Eric Ankrim (Mickey) and Jessica Skerritt (Atropos) in Village Theatre’s “String” © 2018 Mark Kitaoka Property of Village Theatre.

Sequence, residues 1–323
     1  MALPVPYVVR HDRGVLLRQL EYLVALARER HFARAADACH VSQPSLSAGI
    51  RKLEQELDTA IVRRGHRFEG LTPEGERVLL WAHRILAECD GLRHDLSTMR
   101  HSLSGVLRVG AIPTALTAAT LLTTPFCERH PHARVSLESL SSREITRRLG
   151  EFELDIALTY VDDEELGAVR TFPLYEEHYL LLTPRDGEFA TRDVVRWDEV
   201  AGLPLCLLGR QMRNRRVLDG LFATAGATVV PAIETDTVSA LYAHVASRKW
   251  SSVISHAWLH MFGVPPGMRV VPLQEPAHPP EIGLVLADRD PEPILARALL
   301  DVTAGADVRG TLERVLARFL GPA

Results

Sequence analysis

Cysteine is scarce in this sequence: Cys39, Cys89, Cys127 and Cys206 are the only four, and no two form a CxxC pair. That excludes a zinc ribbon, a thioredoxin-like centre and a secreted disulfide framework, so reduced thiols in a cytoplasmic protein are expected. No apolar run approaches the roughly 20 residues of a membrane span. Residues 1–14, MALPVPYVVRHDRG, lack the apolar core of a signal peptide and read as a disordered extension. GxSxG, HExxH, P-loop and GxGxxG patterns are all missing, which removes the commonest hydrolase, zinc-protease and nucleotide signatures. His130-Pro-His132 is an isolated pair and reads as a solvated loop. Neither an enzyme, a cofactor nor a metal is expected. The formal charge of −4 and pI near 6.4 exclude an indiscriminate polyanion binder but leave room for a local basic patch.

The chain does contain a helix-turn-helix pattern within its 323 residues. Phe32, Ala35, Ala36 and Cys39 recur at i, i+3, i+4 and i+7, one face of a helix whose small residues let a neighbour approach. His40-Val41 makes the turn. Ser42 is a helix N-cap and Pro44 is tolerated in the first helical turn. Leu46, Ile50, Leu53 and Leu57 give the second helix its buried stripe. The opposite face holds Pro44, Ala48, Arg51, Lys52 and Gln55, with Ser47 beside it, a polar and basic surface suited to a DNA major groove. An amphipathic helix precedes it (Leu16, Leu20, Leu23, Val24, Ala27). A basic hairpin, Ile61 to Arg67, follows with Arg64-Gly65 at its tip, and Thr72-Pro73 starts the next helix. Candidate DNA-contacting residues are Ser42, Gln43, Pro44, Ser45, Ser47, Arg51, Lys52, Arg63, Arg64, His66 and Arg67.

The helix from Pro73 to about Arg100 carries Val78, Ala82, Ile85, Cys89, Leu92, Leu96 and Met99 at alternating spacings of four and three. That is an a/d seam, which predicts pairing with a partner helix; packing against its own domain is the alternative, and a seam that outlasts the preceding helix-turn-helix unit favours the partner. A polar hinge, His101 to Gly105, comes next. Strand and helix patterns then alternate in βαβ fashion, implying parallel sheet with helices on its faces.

DAVID: So, who do you play in the show, and what do you like about your character(s)? ERIC: I play a sweet, unassuming security guard named Mickey who works in the Infinity Tower…He happily observes from his basement camera-feed down on floor one of this 200-story building. And I think that that occupation is a perfect metaphor for where he begins his story…content to be an observer of life, and not necessarily desperate to live his own. Whether that’s from pains from the past or what, he doesn’t seem to be hurt by that choice. But he’s definitely content to watch life take place rather than participate in it. And his favorite person to watch is this strange woman who periodically shows up in an elevator in the middle of the night and just rides it for hours on end. He thinks she is fascinating and enchanting. And one night she falls asleep in the elevator and he’s the only security guard on duty, so he is forced to approach her to wake her up and get her out of this elevator. And that is the first meeting of this unlikely love couple. Spoiler Alert: She turns out to be one of the Greek Fates and in fact is not a human being but a Goddess, but he does not know that. He just thinks she is incredibly enchanting and over powering and worthy of obsession. And as they get to know each other his humanity infects her godliness and her godliness infects his humility and they both are irrevocably changed by each other’s presence. And ultimately, we’re left to understand that whether you are a God from another world, or an unassuming invisible security guard shoved into the corner of a basement of a giant building, we all have life inside of us that is worth sharing and worth celebrating and worth chasing no matter how big or small we feel currently. SARA: I play Clotho, who is the youngest sister, more historically correct, she’s the Goddess who spins the thread of life. So, she essentially creates life. I like her because she’s the baby sister and I’ve never had any siblings so it’s kind of fun to play the baby who essentially also plays the role of the peace keeper between her two older sisters. And I wear a pink wig which is also pretty fun. BOBBI: Well, one of the characters I play starts the show and ends the show with this wonderful little second story line. Her name is Geneva, and she is the janitor at the Infinity Tower, and I like her because I used to be a maid on weekends when I was in grad school, so I understand what it’s like to clean. I know what it’s like to pick up after people and make things look good. So I just infuse her with that. She’s very quiet, which is opposite of me, so I love being able to listen and not say anything except for a few words here and there…She doesn’t say anything, but she’s really loud about it. She’s a delight to play and I get to work opposite Nathaniel Tenenbaum…So I get to pop in and out of the show and make connections with him…I adore her and her details. Her quietness and her ability to fix everything as she goes. And then one of my favorite moments is only about 2 minutes long… Harmony Arnold, the costume designer, created a gown that is longer than me, and Doug Decker created a wig that is higher than God…That is an amazing moment for me because I play the Fates’ mother, Night, and I sing to my girls and I comfort them, and I tell them that I’ll be there for them when they come home. And that song, when I first sang it for the reading, it had only been a few months after my mother’s death, so for me to sing that, took a lot of strength. But now that it’s been two years since mom’s death, I’m able to do it with more joy and more gratitude … and it sounds like I’m singing from the heavens. DAVID: What a special moment, and tribute for you. Are there other anecdotes or things you really like about the show? BOBBI: I love doing the show and singing this music so it’s kind of a joy to wake up and go “Get your ass out of bed! LET’S GO!!!” Really fun people too…and there’s a moment at the end of the show that I am waiting for my cue off left and I have the privilege to be able to stand there and watch these three women do this beautiful scene as they care for each other through a difficult time. Jessica Skerritt, who plays Atropos has this brilliant line, and every time she says it I just go “Waaaaaahhhh!!!!” I live alone and my family is all on the East Coast, and for me it’s a little bit like, “Am I doing the right thing, living by myself here?” And of course, losing my mom a couple years ago… So when Atropos asks how do people just go on? How does life go on when you have such pain? And one of her sisters reminds her that Life does go on. You just do it. You have to do it. It’s part of living. I find that really beautiful. SARA: I like my cast a lot. I like the people who play my sisters, I think we have really wonderful chemistry…Lauren Du Pree and Jessica Skerritt, we have great chemistry! I also think that it’s exciting to be part of a new musical…It’s kind of nice to be in the World Premiere, I mean that feels special by itself. ERIC: They’ve found a really great group. And to be only a cast of 10 total, and yet for the musical to feel large, and to feel like a true ensemble musical, where the ensemble is really supporting us all night with their voices. The soundscape of this musical is very complex, and the ensemble vocals are almost used as a supplemental piece of orchestration rather than just character driven lyrics. The background vocals of this piece are ambitious and constant. And so this group of 4 to 6, however you determine what “ensemble” is in this show, just sing all night and are really essential to the sound landscape of this piece, which is unique…A string quartet combined with one keyboard and one percussion player is our entire band. And this string quartet, kind of represents the soundscape of the play, just as much as the ensemble vocals do.